Listen

Hereditary

Jun 9, 2018

Watch this scary family and see your own for the full summer shock experience.

Hereditary

Grade: B

Director: Ari Aster

Screenplay: Aster (Munchausen)

Cast: Toni Collette (Little Miss Sunshine), Gabriel Byrne (Miller’s Crossing)

Rating: R

Runtime: 2 hr 7 min

by John DeSando

Newbie director Ari Aster has your attention: his Hereditary (which he also wrote), is a mash up of horror tropes that go from the creepy teen-age daughter to the creepy grandma, with immolations and beheadings to keep things interesting.  Such a stew is a necessary plan of action because the focus of the plot is not apparent until the last 30 minutes or so, and those last minutes are burdened with too much exposition that should have been in the rest of the film.

That ending takes the occult events since grandma’s death and the accompanying horrors and gives them context. It is the most satisfactory part of the film, barely justified by the disparate set pieces before it, which could have fit in any other horror film and made as much sense. However, Hereditary still is chock full of skin crawling family shenanigans that should keep the genre fans engaged.

The real horror here is the feeling that biological inheritance is a lock, and if the family is as weird as the Grahams, few of them if any will escape the consequences of the family’s sins, from grandma on down. No one is more distraught than mother Annie (Toni Collette), who sees her 13 year old daughter, Charlie (Milly Shapiro), get caught in the family atrocity mode, as well as her son, Peter (Alex Wolff), stronger than almost everyone else but growingly more vulnerable to the ghostly rumblings, even when he is in class.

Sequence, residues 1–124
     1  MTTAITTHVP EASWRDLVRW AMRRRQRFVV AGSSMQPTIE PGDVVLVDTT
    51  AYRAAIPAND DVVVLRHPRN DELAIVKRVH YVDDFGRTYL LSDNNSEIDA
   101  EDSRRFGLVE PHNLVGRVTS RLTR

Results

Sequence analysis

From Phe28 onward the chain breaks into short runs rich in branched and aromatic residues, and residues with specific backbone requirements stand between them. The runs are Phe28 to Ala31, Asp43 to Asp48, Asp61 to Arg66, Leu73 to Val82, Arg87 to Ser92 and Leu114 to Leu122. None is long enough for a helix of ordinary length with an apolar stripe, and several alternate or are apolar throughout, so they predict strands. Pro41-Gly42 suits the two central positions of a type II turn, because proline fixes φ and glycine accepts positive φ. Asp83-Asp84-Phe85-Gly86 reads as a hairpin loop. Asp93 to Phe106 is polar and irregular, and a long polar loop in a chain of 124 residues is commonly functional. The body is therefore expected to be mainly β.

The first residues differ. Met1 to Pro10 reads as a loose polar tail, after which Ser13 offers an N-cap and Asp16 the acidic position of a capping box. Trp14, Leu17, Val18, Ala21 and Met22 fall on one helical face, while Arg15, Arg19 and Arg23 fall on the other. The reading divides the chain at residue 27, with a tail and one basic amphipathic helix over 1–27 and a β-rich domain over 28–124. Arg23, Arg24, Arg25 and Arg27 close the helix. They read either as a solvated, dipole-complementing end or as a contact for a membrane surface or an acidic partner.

Mother Annie (Toni Collette) seems to carry all the guilt laid down by grandma. While Collette goes over the top, Essie Davis as the distraught mom Amelia in the Babadook is a model of restraint by comparison. Both moms are part of a growing body of horror films that reveal the anguish of being a mom with problematic children.

Hereditary, as in the case of other A 24 productions like It Comes at Night and The Witch, is less about horror gore and more about the psychological terror of family caught in its biological fun house.  Just seeing an incident or two of wacked-out action is enough to set the audience into fear mode of what more family bashing is in store.

The Graham family lives in an impressively spacious modern home in the Pacific Northwest (filmed in Utah), with one of the large rooms the workshop of artist mom, who creates miniature dioramas, some scarily depicting their own home and horrible occurrences in family history. Aster and cinematographer Pawel Pogorzelski craft a not-so-much jump scare atmosphere as a slow-burning fear based mostly on the interior madness of the family.

Hereditary is a good, if not great, summer scare to remind us that when it comes to family, we can offer just as much insanity as the best movie family.

John DeSando, a Los Angeles Press Club first-place winner for National Entertainment Journalism, hosts WCBE’s It’s Movie Time and co-hosts Cinema Classics. Contact him at JDeSando@Columbus.rr.com